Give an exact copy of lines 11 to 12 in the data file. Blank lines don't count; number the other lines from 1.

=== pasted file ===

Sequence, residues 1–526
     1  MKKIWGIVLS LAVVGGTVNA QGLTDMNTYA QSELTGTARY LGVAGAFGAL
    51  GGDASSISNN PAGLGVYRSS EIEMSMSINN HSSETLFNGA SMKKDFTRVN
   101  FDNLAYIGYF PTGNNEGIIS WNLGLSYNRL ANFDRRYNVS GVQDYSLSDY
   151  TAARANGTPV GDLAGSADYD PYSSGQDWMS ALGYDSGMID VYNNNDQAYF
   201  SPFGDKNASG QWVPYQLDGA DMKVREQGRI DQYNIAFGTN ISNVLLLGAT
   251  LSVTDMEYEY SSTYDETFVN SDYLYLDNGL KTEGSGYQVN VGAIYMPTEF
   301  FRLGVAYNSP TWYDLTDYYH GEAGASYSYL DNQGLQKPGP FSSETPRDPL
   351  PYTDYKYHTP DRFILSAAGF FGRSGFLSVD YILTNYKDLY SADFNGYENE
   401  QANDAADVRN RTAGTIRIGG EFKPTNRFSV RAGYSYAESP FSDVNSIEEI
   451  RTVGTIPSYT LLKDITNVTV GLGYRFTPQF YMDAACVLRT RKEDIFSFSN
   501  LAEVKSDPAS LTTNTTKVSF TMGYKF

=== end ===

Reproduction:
   451  RTVGTIPSYT LLKDITNVTV GLGYRFTPQF YMDAACVLRT RKEDIFSFSN
   501  LAEVKSDPAS LTTNTTKVSF TMGYKF